Counterparties: Can poor nations manufacture wealth?
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Dani Rodrik has a provocative piece for Project Syndicate arguing that theÂ quest for growth has gotten more elusive over the past few years. During the second half of the 20th Century, he says, if poor countries wanted to grow up to be rich (and didn’t have the patrimony of natural resource wealth), they would have to first “move their labor from the countryside (or informal activities) to organized manufacturing”. Manufacturing industries are relatively easy to replicate; they create rapid growth in productivity and incomes “regardless of the quality of domesticÂ policies, institutions, or geography“.
That world is gone now. Achieving an Asian Tiger-style growth miracle is trickier for a couple of reasons:
Technological advances have rendered manufacturing much more skill- and capital-intensive than it was in the past, even at the low-quality end of the spectrum … It will be impossible for the next generation of industrializing countries to move 25% or more of their workforce into manufacturing, as East Asian economies did.
Second, globalization in general, and the rise of China in particular, has greatly increased competition on world markets, making it difficult for newcomers to make space for themselves. Although Chinese labor is becoming more expensive, China remains a formidable competitor for any country contemplating entry into manufactures.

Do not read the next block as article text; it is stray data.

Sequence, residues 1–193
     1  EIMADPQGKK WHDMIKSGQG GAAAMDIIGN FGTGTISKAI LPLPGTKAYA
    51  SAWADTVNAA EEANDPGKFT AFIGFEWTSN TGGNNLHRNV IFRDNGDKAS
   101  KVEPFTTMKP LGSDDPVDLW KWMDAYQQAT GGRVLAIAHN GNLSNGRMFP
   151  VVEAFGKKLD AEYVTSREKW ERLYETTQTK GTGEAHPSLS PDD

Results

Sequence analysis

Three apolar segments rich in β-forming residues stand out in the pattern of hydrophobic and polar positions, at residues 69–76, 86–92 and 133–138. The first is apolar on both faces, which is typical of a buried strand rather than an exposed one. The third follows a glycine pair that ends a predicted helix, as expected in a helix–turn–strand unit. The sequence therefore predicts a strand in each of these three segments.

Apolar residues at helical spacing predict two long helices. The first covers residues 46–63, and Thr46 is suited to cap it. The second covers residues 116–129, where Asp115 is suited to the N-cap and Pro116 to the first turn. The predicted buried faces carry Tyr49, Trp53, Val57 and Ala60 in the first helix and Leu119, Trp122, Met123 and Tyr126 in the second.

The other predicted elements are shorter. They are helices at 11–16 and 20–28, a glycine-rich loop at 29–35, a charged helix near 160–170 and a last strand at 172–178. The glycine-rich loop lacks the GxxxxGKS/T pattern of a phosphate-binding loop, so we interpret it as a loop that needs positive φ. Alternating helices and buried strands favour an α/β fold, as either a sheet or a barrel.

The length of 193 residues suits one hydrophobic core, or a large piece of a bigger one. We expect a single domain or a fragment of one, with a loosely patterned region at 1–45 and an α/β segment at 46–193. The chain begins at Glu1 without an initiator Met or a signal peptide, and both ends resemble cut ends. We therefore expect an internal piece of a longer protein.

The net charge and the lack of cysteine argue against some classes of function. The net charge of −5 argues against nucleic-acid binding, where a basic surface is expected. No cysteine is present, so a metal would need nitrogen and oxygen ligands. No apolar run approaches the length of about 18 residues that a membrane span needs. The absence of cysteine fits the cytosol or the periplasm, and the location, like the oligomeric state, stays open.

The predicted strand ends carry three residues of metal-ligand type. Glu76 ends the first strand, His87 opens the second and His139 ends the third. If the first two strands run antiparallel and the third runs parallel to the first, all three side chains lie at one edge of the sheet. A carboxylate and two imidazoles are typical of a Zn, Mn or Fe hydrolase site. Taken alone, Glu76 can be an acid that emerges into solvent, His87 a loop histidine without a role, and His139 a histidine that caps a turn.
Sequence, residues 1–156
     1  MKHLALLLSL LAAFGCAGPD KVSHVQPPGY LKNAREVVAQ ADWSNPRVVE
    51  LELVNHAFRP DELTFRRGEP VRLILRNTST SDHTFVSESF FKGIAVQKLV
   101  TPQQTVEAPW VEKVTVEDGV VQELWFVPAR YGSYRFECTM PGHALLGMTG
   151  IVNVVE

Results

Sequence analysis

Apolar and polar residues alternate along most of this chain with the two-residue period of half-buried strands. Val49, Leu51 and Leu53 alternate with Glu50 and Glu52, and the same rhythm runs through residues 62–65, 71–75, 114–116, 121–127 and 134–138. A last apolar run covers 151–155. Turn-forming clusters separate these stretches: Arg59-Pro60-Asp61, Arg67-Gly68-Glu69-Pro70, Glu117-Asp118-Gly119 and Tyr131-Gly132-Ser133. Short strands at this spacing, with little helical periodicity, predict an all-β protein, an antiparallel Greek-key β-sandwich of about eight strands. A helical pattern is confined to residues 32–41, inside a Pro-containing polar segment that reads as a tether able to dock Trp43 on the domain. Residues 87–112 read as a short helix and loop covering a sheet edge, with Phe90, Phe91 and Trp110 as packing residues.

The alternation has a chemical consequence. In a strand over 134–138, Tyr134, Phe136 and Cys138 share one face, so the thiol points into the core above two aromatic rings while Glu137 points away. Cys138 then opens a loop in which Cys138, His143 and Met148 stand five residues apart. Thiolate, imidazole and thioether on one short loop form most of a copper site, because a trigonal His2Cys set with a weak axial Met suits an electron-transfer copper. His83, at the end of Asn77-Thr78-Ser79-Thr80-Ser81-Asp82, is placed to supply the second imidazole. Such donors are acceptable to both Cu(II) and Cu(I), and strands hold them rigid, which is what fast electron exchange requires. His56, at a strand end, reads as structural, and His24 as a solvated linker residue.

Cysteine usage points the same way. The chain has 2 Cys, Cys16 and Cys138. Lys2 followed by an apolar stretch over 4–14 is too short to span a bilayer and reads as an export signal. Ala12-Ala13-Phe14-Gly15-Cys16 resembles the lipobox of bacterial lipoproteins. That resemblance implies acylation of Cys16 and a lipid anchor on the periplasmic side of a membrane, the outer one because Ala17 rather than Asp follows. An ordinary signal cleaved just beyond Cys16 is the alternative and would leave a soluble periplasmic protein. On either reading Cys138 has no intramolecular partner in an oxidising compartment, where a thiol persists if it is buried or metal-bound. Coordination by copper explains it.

Ryan Avent points us to a recent column in the Economist that reaches the opposite conclusion: “[m]odern supply chains are making it easier for economies to industrialise”. In a blog post, he finds Rodrik’s concerns wanting:
For the moment, Mr Rodrik’s concerns appear somewhat unfounded. Chinese manufacturing is very capital intensive, and yet employment in industry there has been remarkably consistent over the past two decades. Admittedly, this is partly due to declining employment in old state enterprises offsetting rising employment in new, export-oriented firms. But across the rich and emerging world, falling labour intensity in manufacturing does not appear to limit the contribution of industry to prosperity.
Rodrik and Avent disagree over the extent to which manufacturing can spark catchup growth, but both seem to take it as a given that it’s still the best path to follow for countries that want to get rich. It’s at least a much more empirical view than Deirdre McCloskey’s thesis that countries get rich once their citizens “stopped sneering at market innovativeness and other bourgeois virtues”. â€“Â Peter Rudegeair
On to today’s links:
Record low mortgage rates could be even lower “if banks were satisfied with the profit margins of just a few years ago” â€“Â DealBook
Charts: how low mortgage rates and even lower bond yields mean increased profit margins for mortgage originators â€“Â DealBook
Arizona and California, epicenters of the housing crisis, now have foreclosure rates below the national average â€“Â WSJ
Own to rent: a pilot program allows homeowners to avoid foreclosure by renting their homes â€“Â WSJ